Russia’s VSMPO-Avisma, the world’s largest titanium producer, and U.S. planemaker Boeing have launched a second manufacturing unit in Urals, not far from Yekaterinburg. It will focus on titanium forgings mainly for B777 and B787 Dreamliner. The long-term contracts between both partners cover around 35 percent of Boeing Commercial Airplanes’ demand for the metal, and should sum up to $ 18 billion over the next 30 years.
The new facility is located in Titanium Valley, a special economic zone. The investment amounts to 5.5 billion roubles ($83 million), around 200 jobs will be created. Everything starts from titanium sponge, which is fresh raw material. Before it becomes the Dreamliner’s landing gears, the titanium spends 16 hours in the furnace under the careful watch of a melting operator. “Winged metal” should not have any pores. Even a microscopic defect can lead to a flight accident.
Industrial work with titanium began simultaneously in the US and USSR in the 1950s. Titanium is expensive but the metal has major advantages over other alloys. Aircraft construction requires the use of materials that can withstand the severe pressures of flight at high altitudes, as well as constant exposure to the elements. Traditionally, aircraft were made of steel, but lighter, more durable materials are now used to extend the life of aircraft and make them more energy efficient. Titanium is as strong as steel but 45 percent lighter. It can withstand long periods of exposure to salt water in marine atmospheres. The strength of titanium makes it difficult to weld, which contributes to its high price compared to steel and aluminum.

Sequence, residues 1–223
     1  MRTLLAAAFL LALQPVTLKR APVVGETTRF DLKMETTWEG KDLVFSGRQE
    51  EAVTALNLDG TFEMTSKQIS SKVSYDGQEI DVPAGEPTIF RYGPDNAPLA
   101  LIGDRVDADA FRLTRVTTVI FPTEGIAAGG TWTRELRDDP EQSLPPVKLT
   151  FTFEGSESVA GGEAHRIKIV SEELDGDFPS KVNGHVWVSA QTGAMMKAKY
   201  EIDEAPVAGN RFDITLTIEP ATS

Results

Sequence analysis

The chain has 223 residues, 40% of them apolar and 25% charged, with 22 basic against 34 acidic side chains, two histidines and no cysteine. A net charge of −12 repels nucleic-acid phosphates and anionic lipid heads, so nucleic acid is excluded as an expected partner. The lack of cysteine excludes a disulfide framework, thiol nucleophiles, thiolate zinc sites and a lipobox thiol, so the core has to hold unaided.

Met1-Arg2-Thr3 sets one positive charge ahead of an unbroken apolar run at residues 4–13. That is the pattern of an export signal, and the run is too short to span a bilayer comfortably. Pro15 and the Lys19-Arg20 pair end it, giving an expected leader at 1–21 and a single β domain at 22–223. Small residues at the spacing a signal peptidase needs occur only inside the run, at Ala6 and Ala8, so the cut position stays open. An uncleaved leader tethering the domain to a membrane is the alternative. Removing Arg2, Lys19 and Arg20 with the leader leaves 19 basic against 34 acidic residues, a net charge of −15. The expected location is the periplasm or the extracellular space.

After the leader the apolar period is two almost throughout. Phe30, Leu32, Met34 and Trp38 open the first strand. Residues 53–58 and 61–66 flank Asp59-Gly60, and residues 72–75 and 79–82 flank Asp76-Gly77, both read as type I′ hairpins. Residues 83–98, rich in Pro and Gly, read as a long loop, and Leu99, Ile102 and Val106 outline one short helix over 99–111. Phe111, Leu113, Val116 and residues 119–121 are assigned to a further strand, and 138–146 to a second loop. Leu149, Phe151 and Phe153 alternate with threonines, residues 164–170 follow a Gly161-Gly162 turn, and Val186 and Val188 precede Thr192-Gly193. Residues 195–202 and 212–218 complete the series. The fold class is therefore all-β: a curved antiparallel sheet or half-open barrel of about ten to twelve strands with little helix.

The high-profile event was attended by a high-ranking American delegation, including John Huntsman, the USA’s ambassador in Russia, Boeing chief executive Dennis Muilenburg, Boeing International president Marc Allen and Boeing Russia/CIS president Sergey Kravchenko. Nevertheless, amid the ongoing political tensions partners chose not to draw much media attention. In April, after the United States imposed a new round of sanctions on Moscow, Russian lawmakers called for an end to supplies of titanium to Boeing as a reciprocal measure. However, the proposal was not accepted by the government.